Line height is an important CSS property. I feel like either I'm getting old or the system/browser default line height is just not good enough for most modern websites. When you're reading large walls of text, single-line spacing can get pretty fatiguing quite fast. MDN specifically has an "Accessibility Concerns" section on its line-height documentation, stating:

Use a minimum value of 1.5 for line-height for main paragraph content. This will help people experiencing low vision conditions, as well as people with cognitive concerns such as Dyslexia. If the page is zoomed to increase the text size, using a unitless value ensures that the line height will scale proportionately.

The second sentence here is one that s really important. On early versions of this site, even early this month, I had kept the line height as "1.5em". Now, relative units (em/rem) are well and good and have their place in web design. In fact, I continue to use them for setting font-size on this site, for example. And logically, there's no reason for 1.5em to not work in line spacing. It means you want the site to render lines spaced out at 1.5x whatever the system's default line spacing setting. Or at least, it should mean that, but CSS is odd. For whatever reason, the line height property doesn't seem to inherit parent values very well, which means scaling them with multipliers and relative units doesn't get you the expected results. See the example below, also from MDN:

Comparison of HTML pages using relative units and no units for line height. When no units are used, text that overflows or are longer than a single line on screen are rendered as expected with the defined line height. But when relative units are used, the line height value does not reflect, resulting in ugly vertically-conjoined text'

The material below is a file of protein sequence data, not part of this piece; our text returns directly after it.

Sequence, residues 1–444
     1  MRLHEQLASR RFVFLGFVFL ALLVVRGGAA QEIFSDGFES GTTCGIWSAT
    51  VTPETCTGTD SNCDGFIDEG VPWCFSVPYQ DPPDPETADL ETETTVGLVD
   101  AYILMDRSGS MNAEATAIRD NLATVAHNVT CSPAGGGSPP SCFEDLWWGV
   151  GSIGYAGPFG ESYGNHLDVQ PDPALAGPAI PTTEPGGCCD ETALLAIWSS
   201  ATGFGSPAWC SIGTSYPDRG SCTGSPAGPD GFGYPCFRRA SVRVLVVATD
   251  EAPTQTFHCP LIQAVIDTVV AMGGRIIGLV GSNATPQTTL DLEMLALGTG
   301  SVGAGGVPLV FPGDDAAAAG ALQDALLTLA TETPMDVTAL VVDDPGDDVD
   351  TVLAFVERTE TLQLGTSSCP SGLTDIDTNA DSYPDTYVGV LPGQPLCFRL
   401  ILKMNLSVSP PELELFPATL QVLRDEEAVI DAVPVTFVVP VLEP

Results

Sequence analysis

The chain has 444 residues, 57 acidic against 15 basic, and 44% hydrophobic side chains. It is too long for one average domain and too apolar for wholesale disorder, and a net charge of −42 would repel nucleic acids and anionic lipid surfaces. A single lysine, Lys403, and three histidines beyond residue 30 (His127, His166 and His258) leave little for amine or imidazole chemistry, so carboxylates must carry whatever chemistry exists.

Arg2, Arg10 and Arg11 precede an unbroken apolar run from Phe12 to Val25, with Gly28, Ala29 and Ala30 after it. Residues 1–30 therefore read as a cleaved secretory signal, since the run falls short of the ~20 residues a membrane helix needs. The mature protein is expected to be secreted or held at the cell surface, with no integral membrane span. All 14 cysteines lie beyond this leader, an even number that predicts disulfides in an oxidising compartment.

I urge anyone writing their own CSS to remember not to use units when setting line height. In this context, it's worth mentioning txti. Txti is a great little service for hosting and sharing text-based pages quickly over the internet. It was created by Barry T. Smith, and is a culmination of the series of motherfucking websites [1] [2] [3] [4] [5], which is both informative and hilarious.

Txti is great for anonymous blogs or public pastes. I love everything about it, except... it falls prey to the same line spacing issue that I did. It uses 1.5em line-spacing. Seriously, have a look at any of the posts from HN. From what I gather, Txti doesn't seem to be an open-source project so I can't submit a PR. I've sent an email to Smith, but that's besides the point. What I'm trying to say is, use unitless values for line height in CSS. Cheers.